But Biden’s USCIS bemoaned the fact that “[d]espite [its] best efforts, 66,781 [employment-based immigrant] visas went unused at the end of FY 2021.” USCIS, you have some ‘splainin to do! The agency claimed that:
[T]he key challenges we have faced in processing the extraordinary number of available employment-based immigrant visas include ... USCIS capacity constraints. Due to the COVID-19 pandemic and resource constraints resulting from the prior administration [Never miss an opportunity stick it to the Trump administration, despite this barb making absolutely no sense given that USCIS is funded by user fees!], we face an unprecedented backlog of cases across most forms processed by the agency. All of these forms ... are competing for limited resources and adjudications officers at a time when we need to surge resources to ensure ... use of the unprecedented number of employment-based visas ... and [c]ontinued capacity limitations at [Department of State] DOS consular posts.
But under the INA, these “unused” visas were added to 2022’s family-sponsored green card cap (thus, it is fairer to call them “reused”, or at least “gently used”). In any event, USCIS vowed never again! — “We are dedicated to ensuring we use as many available employment-based visas as possible in FY 2022.” USCIS proudly proclaimed that “[t]hrough July 31, 2022, [DHS and DOS] have combined to use 210,593 employment-based immigrant visas. ... We remain committed to taking every viable policy and procedural action to maximize our use of all available visas by the end of the fiscal year and are well-positioned to use the remaining visas.”
Woohoo! Fabulous! Or is it? First, let’s consider the consequences of this bumper-crop of employment-based green cards for American workers and graduating college students. As my colleague Steven Camarota points out, “immigrants with skill-based visas certainly bring some economic benefits, but one cost is the increased wage and employment competition faced by natives with similar skills”, not a trivial concern when considering “run-of-the-mill college graduates who compete with middle-class natives”.
Second, let’s consider some of the “viable policy and procedural actions” that USCIS plans to use:
Interview Waivers. USCIS will “[c]ontinu[e] to apply risk-based interview waiver determinations for employment-based adjustment of status applications, enabling us to adjudicate most applications without interview”. (Emphasis added.) USCIS regulations require that:
Each applicant for adjustment of status [to lawful permanent residence] ... shall be interviewed by an immigration officer[, which] may be waived in the case of a child under the age of 14; when the applicant is clearly ineligible ... or when it is determined by [DHS] that an interview is unnecessary.
The former Immigration and Naturalization Service (INS) promulgated this regulation to account for “those very limited circumstances when it is determined that an interview is not necessary ... to remove the burden of unproductive interviews ... and to allow [it] to redirect resources to enhance the detection and deterrence of fraud and to reduce the backlog of pending cases.” (Emphasis added.) Unfortunately, it is unlikely that USCIS is jettisoning interviews in order to “enhance the detection and deterrence of fraud”. Robert Law wrote just this February that USCIS “has unveiled a new mission statement that scraps ‘safeguarding [the] integrity’ of adjudicating legal immigration benefits ... as [a] key pillar of the agency.” Biden’s USCIS can’t even bear to mention fraud in its mission statement!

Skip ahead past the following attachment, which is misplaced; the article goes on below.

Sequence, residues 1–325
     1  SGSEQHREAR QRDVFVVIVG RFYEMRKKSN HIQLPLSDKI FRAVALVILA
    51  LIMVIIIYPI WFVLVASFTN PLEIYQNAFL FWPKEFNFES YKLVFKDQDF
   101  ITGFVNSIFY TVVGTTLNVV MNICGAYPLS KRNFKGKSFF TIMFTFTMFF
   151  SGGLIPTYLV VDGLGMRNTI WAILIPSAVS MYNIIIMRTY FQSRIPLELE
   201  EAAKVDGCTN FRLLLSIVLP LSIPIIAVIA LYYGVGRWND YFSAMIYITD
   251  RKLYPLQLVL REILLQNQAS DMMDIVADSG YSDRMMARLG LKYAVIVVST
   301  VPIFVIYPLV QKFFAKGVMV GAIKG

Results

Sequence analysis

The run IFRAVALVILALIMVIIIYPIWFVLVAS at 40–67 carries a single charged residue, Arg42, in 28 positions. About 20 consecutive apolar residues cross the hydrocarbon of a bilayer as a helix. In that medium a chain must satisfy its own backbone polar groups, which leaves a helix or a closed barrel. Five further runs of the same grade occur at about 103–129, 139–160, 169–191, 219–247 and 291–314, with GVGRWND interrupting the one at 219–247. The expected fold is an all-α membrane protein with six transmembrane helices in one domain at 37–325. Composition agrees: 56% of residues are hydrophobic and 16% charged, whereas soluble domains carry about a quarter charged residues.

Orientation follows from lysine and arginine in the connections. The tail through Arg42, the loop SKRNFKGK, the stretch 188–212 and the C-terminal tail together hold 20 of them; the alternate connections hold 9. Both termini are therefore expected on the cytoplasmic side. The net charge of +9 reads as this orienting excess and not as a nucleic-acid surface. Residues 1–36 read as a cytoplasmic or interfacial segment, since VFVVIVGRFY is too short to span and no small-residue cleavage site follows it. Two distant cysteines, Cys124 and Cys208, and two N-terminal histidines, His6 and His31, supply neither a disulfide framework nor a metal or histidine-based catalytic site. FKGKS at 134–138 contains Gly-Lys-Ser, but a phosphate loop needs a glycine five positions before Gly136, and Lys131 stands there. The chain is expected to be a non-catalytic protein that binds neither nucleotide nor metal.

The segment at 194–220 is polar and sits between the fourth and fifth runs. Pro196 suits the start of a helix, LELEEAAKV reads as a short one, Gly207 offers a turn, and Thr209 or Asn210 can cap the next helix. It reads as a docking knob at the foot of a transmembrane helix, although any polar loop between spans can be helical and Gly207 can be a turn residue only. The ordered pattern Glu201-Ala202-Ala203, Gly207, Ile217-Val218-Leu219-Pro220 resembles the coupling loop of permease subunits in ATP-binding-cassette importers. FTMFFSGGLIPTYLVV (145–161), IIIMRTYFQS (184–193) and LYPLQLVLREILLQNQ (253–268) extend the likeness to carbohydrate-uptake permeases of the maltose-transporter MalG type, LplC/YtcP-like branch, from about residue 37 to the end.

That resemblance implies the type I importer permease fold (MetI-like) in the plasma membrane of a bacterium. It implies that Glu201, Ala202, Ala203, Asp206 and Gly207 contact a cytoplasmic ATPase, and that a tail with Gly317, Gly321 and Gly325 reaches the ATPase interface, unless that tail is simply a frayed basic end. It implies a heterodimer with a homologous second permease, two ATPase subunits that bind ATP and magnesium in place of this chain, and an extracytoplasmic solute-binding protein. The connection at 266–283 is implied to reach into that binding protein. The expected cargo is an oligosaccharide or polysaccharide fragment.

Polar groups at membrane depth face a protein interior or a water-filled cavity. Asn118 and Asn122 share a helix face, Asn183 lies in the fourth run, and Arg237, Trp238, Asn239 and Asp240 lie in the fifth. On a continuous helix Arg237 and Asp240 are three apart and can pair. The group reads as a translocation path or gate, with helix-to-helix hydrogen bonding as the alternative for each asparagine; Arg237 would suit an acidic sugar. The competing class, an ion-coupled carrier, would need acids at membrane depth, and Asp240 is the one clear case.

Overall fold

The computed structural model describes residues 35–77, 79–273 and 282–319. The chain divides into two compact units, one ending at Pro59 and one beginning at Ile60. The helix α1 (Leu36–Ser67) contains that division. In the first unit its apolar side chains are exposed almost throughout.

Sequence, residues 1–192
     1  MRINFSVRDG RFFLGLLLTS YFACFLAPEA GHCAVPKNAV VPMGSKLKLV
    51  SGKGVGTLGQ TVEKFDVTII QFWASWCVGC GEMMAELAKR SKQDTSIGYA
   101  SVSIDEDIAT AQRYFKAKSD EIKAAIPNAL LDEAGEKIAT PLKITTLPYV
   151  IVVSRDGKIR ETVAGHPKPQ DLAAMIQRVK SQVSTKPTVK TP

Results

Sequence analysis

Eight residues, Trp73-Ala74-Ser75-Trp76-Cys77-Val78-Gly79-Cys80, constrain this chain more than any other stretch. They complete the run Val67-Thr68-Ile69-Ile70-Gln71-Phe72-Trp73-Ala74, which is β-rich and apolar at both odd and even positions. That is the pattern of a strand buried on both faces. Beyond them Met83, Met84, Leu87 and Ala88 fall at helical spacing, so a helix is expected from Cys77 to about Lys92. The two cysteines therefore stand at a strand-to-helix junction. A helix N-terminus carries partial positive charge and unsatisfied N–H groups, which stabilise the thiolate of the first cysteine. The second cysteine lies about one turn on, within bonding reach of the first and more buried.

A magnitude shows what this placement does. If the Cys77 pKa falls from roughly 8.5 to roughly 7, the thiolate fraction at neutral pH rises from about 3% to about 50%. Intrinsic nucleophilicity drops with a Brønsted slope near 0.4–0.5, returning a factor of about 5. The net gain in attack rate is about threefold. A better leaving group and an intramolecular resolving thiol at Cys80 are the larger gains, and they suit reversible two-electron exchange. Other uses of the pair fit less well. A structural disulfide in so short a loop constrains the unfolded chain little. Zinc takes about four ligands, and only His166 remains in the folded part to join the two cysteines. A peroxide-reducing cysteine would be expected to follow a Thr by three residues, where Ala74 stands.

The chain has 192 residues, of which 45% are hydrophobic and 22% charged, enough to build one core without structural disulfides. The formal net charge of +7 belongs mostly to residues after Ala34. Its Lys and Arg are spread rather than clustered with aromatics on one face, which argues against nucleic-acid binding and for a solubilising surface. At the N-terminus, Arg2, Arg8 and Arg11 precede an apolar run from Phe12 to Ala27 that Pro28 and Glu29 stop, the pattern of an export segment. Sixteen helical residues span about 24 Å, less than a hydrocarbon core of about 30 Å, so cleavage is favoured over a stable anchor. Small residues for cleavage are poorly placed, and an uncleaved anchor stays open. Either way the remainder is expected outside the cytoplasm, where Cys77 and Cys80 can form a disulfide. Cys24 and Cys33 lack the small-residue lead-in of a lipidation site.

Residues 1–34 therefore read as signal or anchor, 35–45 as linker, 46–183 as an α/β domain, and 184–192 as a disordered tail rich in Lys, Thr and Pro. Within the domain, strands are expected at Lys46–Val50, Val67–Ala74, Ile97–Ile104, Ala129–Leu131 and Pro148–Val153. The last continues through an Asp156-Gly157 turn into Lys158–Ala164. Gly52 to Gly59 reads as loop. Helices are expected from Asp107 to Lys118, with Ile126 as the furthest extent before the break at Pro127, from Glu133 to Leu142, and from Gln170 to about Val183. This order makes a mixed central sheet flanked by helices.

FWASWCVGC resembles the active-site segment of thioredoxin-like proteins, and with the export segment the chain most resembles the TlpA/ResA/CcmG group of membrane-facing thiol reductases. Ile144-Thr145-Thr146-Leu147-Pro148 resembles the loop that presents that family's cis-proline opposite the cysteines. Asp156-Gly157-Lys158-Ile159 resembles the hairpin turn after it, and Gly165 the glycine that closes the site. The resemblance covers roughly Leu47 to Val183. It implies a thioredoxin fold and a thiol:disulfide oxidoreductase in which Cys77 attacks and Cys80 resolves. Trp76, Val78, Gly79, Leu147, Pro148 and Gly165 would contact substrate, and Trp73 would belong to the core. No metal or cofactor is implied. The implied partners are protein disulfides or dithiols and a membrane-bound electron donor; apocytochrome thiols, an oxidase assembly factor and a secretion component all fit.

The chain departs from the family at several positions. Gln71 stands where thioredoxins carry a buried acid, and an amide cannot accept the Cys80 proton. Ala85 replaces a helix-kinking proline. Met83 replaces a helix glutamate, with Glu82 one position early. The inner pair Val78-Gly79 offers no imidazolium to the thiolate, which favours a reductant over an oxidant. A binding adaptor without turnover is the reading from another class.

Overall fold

The U.S. Government Accountability Office (GAO) explained in a days-old report on problems in USCIS’s Fraud Detection and National Security Directorate (a report that has mysteriously disappeared from GAO’s website — “It may have been relocated, removed or be temporarily unavailable”) that a common type of immigration benefit fraud is:
Employment fraud. Willfully misrepresenting material facts related to employment. Such fraud may be perpetrated by beneficiaries — who may misrepresent their qualifications or submit falsified supporting documents to USCIS — or by petitioning employers, who may create fabricated positions, misrepresent their ability to pay the beneficiary, or create shell organizations for the purpose of perpetrating immigration fraud.
Such fraud is a significant issue. The GAO famously (at least in my mind) stated in 2002 that “[a]lthough the extent of the [immigration] benefit fraud problem is not known, internal and external reports and the views of INS officials indicate that the problem is pervasive and significant” and that “[f]raud unit officials said that it is rampant.” And in 2006, GAO reiterated its concern, finding “that available evidence suggests that [fraud] is an ongoing and serious problem”, noting that “[f]raudulent documents submitted included but were not limited to ... financial statements, business plans, organizational charts, fictitious employee resumes, and college transcripts.”
Priority for Employment-Based Applicants. USCIS is “prioritize[ing] the processing of employment-based adjustment of status applications, including approving overtime, while preserving the integrity of the immigration system and continuing to serve other applicants and petitioners.” Um, based on my experience, this is bureaucratese for “prioritizing the processing of employment-based applications while sacrificing the integrity of the immigration system and ‘disserving’ other applicants and petitioners”.